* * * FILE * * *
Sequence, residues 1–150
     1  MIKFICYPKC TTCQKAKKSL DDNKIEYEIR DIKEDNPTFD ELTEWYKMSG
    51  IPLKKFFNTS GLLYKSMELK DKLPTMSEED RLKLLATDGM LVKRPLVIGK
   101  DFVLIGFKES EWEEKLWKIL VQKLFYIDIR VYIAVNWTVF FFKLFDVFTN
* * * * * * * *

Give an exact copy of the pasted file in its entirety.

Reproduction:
Sequence, residues 1–150
     1  MIKFICYPKC TTCQKAKKSL DDNKIEYEIR DIKEDNPTFD ELTEWYKMSG
    51  IPLKKFFNTS GLLYKSMELK DKLPTMSEED RLKLLATDGM LVKRPLVIGK
   101  DFVLIGFKES EWEEKLWKIL VQKLFYIDIR VYIAVNWTVF FFKLFDVFTN